Now and in the Hour of Our Death (35 page)

BOOK: Now and in the Hour of Our Death
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“Why would I get cross? He seemed a decent enough chap. I can certainly stand an evening with him if it's important to you.” He kissed her gently. “I do love you,” he said quietly.

“I know,” she said, and only briefly hesitated before whispering, “and I love you, Tim.”

She stood and hugged him not with passion but as a sister might hug a brother, and, bless him, Tim responded just as a brother might and softly stroked her hair.

She moved away from him but held on to his hand. “Come on,” she said. “The prawn cocktails'll be getting soggy,” and she led him through to the kitchen.

*   *   *

Tim burped. “'Scuse me.” He laid his knife and fork neatly across his plate between the empty skin of the potato and the now-stripped corncob. “Feast fit for a king.”

Fiona chuckled. “I'm glad you enjoyed it, your majesty.”

“Too right, and this is very good, too.” He drank the last mouthful of Merlot from his glass and refilled it from the bottle, now half empty.

Fiona picked up their plates and took them to the counter beside the sink, opened the fridge, and took out her Chardonnay. She had been more abstemious than Tim, but as she moved back to the table and topped up her own glass, she recognized that inside her was a gentle warmth, and she wondered if it was the wine, or simply having Tim back that gave her the glow. “I'll pop this back in the fridge,” she said. As she returned to the table and picked up her glass, she was conscious of Tim's gaze moving over her from the tips of her pumps to the top of her head. She raised her glass. “Right,” she said, “what'll we drink to?”

Tim glanced at the neck of her dress then back into her eyes.

She noticed how grey his eyes were, pale yet deep.

“How about”—Tim's voice was soft and serious—“to us?”

“To us,” she said from across the table, and drank.

“To us,” Tim said, and winked at her.

The wink surprised her. Made her giggle. Some of the glow she felt was definitely wine-induced. And the feeling pleased her. She moved around to him and heard his chair legs scrape on the floor as he pushed it back and stood. She looked up at his face. Felt his lips on hers, his tongue on her tongue, his arms round her, strong but gentle. She laid her head on his chest and murmured, “Welcome back. I've missed you.”

Tim stroked her hair. “You smell good,” he said.

She felt his hand at her waist.

“What does this line do?” he asked, tugging at the dress's tie.

She took two paces back, her own hands dropping to the bow. “Watch,” she said, as the knot slipped free. “I'll show you.” She unwrapped the folds of cloth and held the dress apart, feeling the coolness of the evening air on her breasts. She saw Tim's eyes narrow, heard his breathing quicken, as did her own.

She knew, as women had known from the beginning of time, that men were so easily aroused by what they saw. She pouted, moistened her thumb and one index finger between her lips, then used them to grasp her left nipple, feeling it stiffen. She closed her eyes and pulled in one long breath. She let her nipple free and, using both hands, slipped the dress from her shoulders, feeling the light material slip to the floor to lie crumpled round her ankles.

She heard Tim gasp. “God,” he said, “you're lovely.”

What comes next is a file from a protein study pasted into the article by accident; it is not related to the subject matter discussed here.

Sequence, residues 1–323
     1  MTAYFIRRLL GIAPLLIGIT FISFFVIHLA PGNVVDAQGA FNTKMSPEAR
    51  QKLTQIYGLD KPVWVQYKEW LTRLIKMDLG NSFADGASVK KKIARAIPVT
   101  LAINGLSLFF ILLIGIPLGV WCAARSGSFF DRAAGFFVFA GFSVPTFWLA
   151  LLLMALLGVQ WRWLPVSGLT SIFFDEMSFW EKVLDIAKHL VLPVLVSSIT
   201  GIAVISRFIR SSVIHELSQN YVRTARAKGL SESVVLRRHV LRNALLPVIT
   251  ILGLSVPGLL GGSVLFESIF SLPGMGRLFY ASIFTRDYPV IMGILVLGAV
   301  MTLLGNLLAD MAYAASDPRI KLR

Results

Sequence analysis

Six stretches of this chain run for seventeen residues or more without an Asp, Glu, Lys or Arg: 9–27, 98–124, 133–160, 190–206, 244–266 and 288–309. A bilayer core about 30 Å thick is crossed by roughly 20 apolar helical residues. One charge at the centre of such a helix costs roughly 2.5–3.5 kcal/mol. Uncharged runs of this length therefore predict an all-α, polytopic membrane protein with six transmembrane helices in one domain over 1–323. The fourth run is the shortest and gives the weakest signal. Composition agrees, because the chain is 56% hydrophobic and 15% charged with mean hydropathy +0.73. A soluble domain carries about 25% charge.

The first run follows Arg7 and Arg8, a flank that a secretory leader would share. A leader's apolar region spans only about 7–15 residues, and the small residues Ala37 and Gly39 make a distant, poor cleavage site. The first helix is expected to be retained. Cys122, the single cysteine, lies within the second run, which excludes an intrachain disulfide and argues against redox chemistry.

She smiled at him, and when he smiled back, she felt heat between her thighs and an urgency that would not wait. “Love me, Tim,” she said, softly. “Love me.”

His shirt was rough against her skin, his hands warm and soft on her back. She felt the hardness of him and his hands on her buttocks pulling her against him. She felt the heat of him and her own heat and the dampness of her. She kissed him, softness on softness. She tasted the bouquet of his wine. His hand cupped her breast and his mouth found her nipple, and the softness of his kiss on her breast was matched by the hardness of him.

“Love me, Tim,” she whispered, taking his hand, feeling the one callus that she knew was the result of hauling lines on
Windy
.

She squeezed his hand. “Love me, darling.” And like a mother leading an eager child, she brought him to her bedroom.

*   *   *

“Go away,” Fiona muttered, half awake. Beside her, Tim's breathing was soft and regular. His hand still held one breast.

The telephone in the living room jangled again.

She glanced at the alarm clock on her bedside table. Who the hell would be phoning her at eleven thirty? “Go away.”

She vaguely heard her own recorded voice telling the caller to leave a message. Why, tonight of all nights, must she be woken from the best sleep she'd had in weeks, sleep that had stolen on her as softly as the autumn fog rolls into Burrard Inlet while she lay spent, nestled against the safety of Tim, the pair of them curled up like two spoons?

The answering machine beeped.

She heard a voice—a man's voice with a thick Belfast accent. It had to be Jimmy, but she couldn't make out what he was saying, didn't want to make out what he was saying. The wee Ulsterman was too keen by half, what they'd call “pushy” here in Canada. She felt her lips curl into a soft smile. Take your hurry in your hand, Jimmy. Whatever it was could keep until the morning. She pushed back against the warmth of Tim and, knowing that he held her safe from her dreams, slipped into an untroubled sleep.

 

CHAPTER 30

TYRONE. MONDAY, SEPTEMBER 26, 1983

Erin huddled in the kitchen armchair. She'd been awake all night. How could she possibly sleep? Eamon should have been here in the late evening, should have been but wasn't. It was now 7:00
A.M
., and there was no sign of him.

It was seventy-five miles from the Kesh to the farm. She'd driven those roads often enough to know them as well as she knew the lane from the farm. It shouldn't have taken more than three hours for him and his friends to reach the nearby woods, where he'd told her they'd wait until dark before finally crossing an open field to the tumulus.

The breakout had happened at 2:30 yesterday afternoon, and she'd marked every hour on the hour since then, hoping, wishing. She'd been able to pass the early part of the evening doing routine chores. She'd finished milking the dairy herd. Even dealing with that bloody cow, Margaret, had been something distracting to do. She'd made an early supper and taken pleasure from the way Cal, as usual, tucked in. She'd picked at her food.

Needing something to occupy her mind after supper, she'd talked with Cal to refine their plans for the attack on the Security Forces.

After she'd cleared the dirty plates, she'd laid a large-scale map of Strabane and the surrounding countryside on the kitchen table. Cal and she had gone over the details of the raid and the all-important getaway. As she explained the finer points to Cal, he'd become more and more enthusiastic. All that time she'd listened for any unexpected sounds from outside, despite knowing that there'd be nothing to hear. Eamon and his friends were to go to ground, and she was to make her way to the grave after dark and greet them.